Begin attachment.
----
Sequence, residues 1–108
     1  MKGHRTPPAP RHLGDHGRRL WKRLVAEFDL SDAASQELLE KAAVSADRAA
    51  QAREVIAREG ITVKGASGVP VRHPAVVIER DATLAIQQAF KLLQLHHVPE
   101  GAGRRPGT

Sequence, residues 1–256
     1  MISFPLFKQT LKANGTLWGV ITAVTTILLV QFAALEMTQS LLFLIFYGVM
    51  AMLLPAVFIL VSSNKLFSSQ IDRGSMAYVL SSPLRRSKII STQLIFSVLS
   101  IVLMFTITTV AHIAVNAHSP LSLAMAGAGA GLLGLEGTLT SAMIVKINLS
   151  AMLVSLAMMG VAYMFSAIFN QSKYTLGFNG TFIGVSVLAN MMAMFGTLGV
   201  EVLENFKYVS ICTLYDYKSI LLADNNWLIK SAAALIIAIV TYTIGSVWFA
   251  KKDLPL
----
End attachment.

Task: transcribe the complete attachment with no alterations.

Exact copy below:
Sequence, residues 1–108
     1  MKGHRTPPAP RHLGDHGRRL WKRLVAEFDL SDAASQELLE KAAVSADRAA
    51  QAREVIAREG ITVKGASGVP VRHPAVVIER DATLAIQQAF KLLQLHHVPE
   101  GAGRRPGT

Sequence, residues 1–256
     1  MISFPLFKQT LKANGTLWGV ITAVTTILLV QFAALEMTQS LLFLIFYGVM
    51  AMLLPAVFIL VSSNKLFSSQ IDRGSMAYVL SSPLRRSKII STQLIFSVLS
   101  IVLMFTITTV AHIAVNAHSP LSLAMAGAGA GLLGLEGTLT SAMIVKINLS
   151  AMLVSLAMMG VAYMFSAIFN QSKYTLGFNG TFIGVSVLAN MMAMFGTLGV
   201  EVLENFKYVS ICTLYDYKSI LLADNNWLIK SAAALIIAIV TYTIGSVWFA
   251  KKDLPL